Network Backup Solutions are Mission Critical for Small BusinessesIt’s hardly necessary to emphasize the importance of backing up your computer data; you don’t have to ask too many people before someone will recount a lost-data horror story. Lightning strikes, fire, hacker attacks, viruses, software bugs, and operator error are some of the many possible causes of data loss. But the most common cause of catastrophic data loss is simple hard drive failure, which is easily preventable with a proper backup regimen.
Even in the best-case-scenario, losing data wastes the effort it took to generate it, which is a costly irritation; but if it causes a deadline to be missed, or creates logistical difficulties, then the consequences can be disastrous. Moreover, if the system used to generate and view the data is also lost, then additional time and expense must be spent recovering the system before one could hope to recreate the vital missing data.
For server-based networks, where many coworkers depend on one device, the consequences of data loss or system loss on the server are even worse. Thus it is imperative that the server is backed up on a routine basis, and that the backup medium is transported off-site to another building, and preferably stored in a fireproof box. Failure to implement such a system will eventually result in severe inconvenience, if not outright catastrophe.
Frequency dictates the risk.Generally speaking, the frequency of backups determines the amount of data that could be lost; in other words: data recorded since the last backup may be unrecoverable in the event of some failure or disaster, and might require recreation from scratch. Therefore, it is wise to frequently backup vital data and system files, such as accounting data or operational databases.
Archival Backups vs. Media RotationIn order to control costs, it is often appropriate to set up a rotating schedule of backups, in which we overwrite previous backups with a more modern copy of the data. However, this approach obviously prevents you from accessing that pesky file that you evidently deleted months ago. In order to achieve that capability, you could periodically take one of the backups out of the rotation (to be replaced by fresh storage media) and store it offsite as an archive. Alternatively, archives can be stored and backed up with the data, via scripting (this technique is particularly useful for accounting files).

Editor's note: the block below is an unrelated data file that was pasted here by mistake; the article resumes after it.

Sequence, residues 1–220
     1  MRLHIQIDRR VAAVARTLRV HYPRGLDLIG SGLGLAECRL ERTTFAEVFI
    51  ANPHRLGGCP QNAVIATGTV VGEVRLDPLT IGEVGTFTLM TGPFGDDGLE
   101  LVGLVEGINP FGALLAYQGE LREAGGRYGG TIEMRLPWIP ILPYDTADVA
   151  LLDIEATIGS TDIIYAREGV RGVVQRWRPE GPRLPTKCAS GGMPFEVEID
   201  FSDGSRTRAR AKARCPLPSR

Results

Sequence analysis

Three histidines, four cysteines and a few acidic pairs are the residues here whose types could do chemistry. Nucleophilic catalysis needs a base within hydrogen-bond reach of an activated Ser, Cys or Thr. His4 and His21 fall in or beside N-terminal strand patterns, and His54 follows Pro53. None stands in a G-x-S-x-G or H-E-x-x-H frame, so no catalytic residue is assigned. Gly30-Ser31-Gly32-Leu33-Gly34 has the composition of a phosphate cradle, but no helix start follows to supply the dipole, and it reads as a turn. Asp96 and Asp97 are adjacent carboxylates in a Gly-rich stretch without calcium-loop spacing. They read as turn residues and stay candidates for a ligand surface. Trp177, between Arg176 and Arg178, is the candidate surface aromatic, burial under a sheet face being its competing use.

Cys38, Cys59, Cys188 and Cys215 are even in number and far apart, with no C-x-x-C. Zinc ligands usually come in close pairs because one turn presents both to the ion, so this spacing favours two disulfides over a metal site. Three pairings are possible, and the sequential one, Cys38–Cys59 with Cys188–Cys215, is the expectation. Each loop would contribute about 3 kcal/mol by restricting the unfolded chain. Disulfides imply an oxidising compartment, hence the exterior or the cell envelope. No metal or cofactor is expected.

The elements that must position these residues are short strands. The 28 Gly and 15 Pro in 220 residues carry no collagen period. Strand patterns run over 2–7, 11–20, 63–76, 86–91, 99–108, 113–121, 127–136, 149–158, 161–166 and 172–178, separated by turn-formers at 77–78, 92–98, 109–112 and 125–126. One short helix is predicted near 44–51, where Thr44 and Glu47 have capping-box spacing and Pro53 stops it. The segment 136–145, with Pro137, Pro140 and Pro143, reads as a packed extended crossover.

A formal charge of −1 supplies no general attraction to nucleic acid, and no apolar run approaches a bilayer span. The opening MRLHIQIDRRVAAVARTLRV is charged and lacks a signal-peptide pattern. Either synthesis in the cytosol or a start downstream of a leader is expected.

Data Only vs. Full System BackupsUntil now, we have been using the term 'data' in the general sense of all of the information on your network's various hard drives. But in more precise terms, your data are the files that your employees have directly created by using the system. It is the distilled electronic essence of your entire company's efforts, and it is the primary concern of any backup strategy.
On the other hand, data files are not useful without a compatible system (network, hardware, operating system, software, and configuration). The time necessary to restore a complicated system (such as a groupware server) can be considerable. So while you may have the data safely backed up off-site, that alone will not save you from the down-time and labor costs associated with a system rebuild. But there are a couple of methods for backing up the entire system image, including the data. Consequently, it is wise to consider performing routine full-system backups as a preventive maintenance.
This analysis begs the question: why bother with data-only backups when full-system backups can cover everything? To keep the answer short, full-system backups are much more demanding technology-wise and they require significantly more technical expertise and labor for restorations tasks than data-only backups.
Comparison of Backup Storage MediaThere is more to consider than just cost per gigabyte, when selecting a backup medium: What type of backup is it, data-only or full-system? How much data? How long does the backup need to be preserved? Is data security a priority? How often will backups be performed? Who will perform them? What is the recovery procedure? Does the backup procedure necessitate system downtime?
So how do the various backup storage technologies compare? Here are some recommendations and guidelines: